2. Run a marathon
3. Donate $1 million dollars anonymously
4. Earn $10,000 for an hours worth of work
5. Start a foundation/organization/association
6. Go sky diving
7. Visit all 50 States
8. Backpack through Europe
9. Scuba dive along the Great Barrier Reef in Australia
10. Eat sushi in Japan.
11. Go to Carnival in Rio
12. Take a safari in Africa
13. Get interviewed by Oprah
14. Be on the cover of a magazine
15. Land a Fortune 500 client
16. Work for the Martin Agency
17. Own an island
18. Sing on Broadway
19. License a product or idea
20. Become conversational in French
21. Become conversational in Spanish
22. Invent something and bring it to market
23. Start a band
24. Own a sports team
25. Live in Manhattan for one year
26. Live in San Francisco for one year
27. Get married on a beach
28. Have children
29. Have a net worth of $10 million (after taxes)
30. Go to the Olympics
31. Leave a $5000 tip to someone who deserves it
32. Visit the White House on a private tour
33. Have a syndicated column in a national magazine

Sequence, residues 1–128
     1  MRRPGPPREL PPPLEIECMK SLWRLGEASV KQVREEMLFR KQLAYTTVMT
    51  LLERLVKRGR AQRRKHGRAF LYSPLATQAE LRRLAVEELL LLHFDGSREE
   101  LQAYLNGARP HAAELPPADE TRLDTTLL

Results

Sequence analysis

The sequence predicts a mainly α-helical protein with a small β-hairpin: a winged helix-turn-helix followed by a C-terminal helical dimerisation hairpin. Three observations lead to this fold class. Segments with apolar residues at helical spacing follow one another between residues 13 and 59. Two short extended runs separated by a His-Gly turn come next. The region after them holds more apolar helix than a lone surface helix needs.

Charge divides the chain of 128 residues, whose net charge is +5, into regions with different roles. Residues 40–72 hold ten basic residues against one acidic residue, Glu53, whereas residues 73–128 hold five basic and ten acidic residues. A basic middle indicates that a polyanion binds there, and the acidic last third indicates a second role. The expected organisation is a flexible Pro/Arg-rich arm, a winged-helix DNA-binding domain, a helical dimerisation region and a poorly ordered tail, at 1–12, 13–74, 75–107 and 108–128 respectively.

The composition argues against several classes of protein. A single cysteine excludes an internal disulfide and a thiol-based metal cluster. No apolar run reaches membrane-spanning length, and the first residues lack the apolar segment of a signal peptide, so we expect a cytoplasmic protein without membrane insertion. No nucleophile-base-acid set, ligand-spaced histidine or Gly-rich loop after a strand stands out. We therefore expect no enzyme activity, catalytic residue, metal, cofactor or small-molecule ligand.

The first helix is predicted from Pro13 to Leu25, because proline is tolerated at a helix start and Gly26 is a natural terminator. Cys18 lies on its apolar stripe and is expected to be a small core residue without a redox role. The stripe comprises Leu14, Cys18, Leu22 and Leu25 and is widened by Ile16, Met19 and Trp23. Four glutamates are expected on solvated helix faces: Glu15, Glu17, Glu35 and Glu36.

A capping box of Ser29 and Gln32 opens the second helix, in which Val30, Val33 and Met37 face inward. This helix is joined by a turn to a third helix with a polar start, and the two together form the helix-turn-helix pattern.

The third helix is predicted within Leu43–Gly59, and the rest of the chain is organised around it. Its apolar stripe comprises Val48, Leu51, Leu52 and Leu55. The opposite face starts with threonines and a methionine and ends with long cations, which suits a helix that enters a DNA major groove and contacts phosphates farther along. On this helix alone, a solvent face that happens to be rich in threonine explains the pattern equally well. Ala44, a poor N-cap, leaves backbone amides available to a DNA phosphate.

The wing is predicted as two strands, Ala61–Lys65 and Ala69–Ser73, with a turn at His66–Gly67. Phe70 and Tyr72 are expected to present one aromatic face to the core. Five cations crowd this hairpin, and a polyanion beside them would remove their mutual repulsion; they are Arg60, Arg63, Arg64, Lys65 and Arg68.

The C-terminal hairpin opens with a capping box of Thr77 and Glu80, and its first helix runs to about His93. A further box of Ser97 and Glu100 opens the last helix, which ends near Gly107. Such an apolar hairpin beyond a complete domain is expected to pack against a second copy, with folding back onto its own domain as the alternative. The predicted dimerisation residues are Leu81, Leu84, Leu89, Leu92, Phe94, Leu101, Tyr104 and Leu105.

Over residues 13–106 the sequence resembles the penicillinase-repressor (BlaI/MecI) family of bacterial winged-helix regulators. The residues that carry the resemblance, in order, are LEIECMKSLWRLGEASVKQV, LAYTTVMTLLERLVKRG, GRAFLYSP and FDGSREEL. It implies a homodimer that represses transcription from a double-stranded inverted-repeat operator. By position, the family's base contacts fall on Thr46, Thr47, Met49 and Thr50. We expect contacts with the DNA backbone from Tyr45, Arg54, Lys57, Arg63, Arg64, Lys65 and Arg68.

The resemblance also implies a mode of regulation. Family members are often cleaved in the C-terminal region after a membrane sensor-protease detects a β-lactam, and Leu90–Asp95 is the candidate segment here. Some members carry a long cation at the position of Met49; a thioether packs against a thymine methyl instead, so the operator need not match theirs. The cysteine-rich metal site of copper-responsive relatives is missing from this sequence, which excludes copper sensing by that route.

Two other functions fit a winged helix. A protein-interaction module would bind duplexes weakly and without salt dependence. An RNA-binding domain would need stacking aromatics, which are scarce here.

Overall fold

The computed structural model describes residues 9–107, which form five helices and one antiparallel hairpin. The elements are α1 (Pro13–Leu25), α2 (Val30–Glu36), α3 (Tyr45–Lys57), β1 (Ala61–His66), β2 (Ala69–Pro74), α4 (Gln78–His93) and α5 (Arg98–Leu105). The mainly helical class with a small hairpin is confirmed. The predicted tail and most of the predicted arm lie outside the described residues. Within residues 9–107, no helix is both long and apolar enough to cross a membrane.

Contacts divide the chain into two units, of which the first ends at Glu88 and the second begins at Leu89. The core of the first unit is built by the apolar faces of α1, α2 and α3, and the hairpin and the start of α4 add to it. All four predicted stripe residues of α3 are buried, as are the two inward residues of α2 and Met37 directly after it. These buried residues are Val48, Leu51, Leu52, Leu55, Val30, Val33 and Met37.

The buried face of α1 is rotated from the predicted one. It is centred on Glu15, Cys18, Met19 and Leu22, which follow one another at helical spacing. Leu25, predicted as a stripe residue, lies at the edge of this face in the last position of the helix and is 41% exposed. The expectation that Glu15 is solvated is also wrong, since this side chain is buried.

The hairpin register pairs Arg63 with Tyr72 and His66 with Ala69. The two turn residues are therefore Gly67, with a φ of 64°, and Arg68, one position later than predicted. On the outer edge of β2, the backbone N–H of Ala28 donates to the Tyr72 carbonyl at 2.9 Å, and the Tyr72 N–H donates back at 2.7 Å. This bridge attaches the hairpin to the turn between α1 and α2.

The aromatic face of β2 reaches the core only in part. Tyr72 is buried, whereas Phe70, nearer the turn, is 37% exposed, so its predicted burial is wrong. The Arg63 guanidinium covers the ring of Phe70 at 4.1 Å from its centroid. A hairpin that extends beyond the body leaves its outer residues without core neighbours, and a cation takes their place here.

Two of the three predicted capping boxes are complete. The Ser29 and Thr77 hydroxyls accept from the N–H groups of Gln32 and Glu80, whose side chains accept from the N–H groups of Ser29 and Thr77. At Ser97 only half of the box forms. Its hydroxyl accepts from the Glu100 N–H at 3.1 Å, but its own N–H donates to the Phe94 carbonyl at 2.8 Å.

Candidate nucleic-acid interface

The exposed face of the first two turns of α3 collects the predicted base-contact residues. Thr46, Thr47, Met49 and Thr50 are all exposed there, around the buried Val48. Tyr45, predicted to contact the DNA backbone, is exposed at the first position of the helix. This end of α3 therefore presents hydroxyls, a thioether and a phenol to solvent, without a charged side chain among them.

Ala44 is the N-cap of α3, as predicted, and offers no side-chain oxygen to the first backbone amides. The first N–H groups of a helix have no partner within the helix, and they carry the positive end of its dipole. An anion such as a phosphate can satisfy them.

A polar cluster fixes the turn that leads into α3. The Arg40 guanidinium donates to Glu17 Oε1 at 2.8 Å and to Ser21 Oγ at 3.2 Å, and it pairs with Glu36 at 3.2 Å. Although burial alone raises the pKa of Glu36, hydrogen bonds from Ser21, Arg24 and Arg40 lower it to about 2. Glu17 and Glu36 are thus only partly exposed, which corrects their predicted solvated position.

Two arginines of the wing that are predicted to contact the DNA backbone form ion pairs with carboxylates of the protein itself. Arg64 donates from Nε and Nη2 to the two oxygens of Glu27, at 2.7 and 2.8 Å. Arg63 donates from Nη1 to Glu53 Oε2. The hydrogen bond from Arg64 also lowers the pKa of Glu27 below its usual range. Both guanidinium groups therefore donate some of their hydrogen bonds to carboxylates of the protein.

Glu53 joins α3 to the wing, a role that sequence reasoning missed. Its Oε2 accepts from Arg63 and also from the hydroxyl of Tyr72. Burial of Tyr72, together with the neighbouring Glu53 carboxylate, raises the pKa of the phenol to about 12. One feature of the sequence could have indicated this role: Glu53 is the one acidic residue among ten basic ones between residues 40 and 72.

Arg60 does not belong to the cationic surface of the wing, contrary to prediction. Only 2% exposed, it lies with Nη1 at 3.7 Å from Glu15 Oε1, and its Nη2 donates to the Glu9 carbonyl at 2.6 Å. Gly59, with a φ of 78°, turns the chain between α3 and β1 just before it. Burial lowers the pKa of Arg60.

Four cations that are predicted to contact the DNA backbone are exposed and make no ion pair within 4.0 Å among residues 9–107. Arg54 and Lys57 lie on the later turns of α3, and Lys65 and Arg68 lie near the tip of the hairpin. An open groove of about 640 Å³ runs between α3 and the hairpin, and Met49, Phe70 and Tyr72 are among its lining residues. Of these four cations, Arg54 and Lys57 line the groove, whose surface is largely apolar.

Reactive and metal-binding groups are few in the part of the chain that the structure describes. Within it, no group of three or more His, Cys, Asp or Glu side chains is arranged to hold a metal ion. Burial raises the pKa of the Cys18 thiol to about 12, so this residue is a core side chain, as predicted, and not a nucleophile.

34. Create an idea that earns $1,000,000
35. Be a mentor
36. Learn calligraphy
37. Own a Matisse
38. Own a successful restaurant
39. Pass the sommelier exam
40. Own a villa in Tuscany (vineyard optional)
41. Get a tattoo
42. Speak to an audience of more than 5000 people
43. Own a townhouse in Old Town Alexandria
44. Be invited to an A-List party
45. Take a 2 week vacation by myself
46. Own something that is haute couture
47. Donate my hair to locks of love
48. Have lunch with Seth Godin
49. Take a photography class
50. Visit Sedona
51. Learn how to tango
52. Take a helicoptor tour of Hawaii
53. Drive a motorcycle
54. Swim on a master’s swim team